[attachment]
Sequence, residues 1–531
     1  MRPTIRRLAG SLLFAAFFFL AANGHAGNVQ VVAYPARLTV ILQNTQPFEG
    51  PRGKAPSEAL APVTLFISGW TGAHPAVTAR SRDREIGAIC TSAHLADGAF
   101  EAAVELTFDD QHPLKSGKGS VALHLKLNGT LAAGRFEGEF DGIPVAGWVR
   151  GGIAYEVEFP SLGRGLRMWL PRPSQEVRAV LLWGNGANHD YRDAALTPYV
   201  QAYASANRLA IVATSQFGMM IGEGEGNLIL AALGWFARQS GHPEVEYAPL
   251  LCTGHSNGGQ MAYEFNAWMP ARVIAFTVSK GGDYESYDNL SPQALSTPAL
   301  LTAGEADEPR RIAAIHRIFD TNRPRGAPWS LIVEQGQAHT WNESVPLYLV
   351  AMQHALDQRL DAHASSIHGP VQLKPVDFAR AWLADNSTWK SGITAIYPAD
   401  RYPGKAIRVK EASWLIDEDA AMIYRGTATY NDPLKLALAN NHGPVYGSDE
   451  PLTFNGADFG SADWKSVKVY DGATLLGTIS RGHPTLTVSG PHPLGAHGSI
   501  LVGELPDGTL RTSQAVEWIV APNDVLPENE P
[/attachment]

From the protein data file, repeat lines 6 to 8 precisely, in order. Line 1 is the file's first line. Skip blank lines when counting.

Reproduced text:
   201  QAYASANRLA IVATSQFGMM IGEGEGNLIL AALGWFARQS GHPEVEYAPL
   251  LCTGHSNGGQ MAYEFNAWMP ARVIAFTVSK GGDYESYDNL SPQALSTPAL
   301  LTAGEADEPR RIAAIHRIFD TNRPRGAPWS LIVEQGQAHT WNESVPLYLV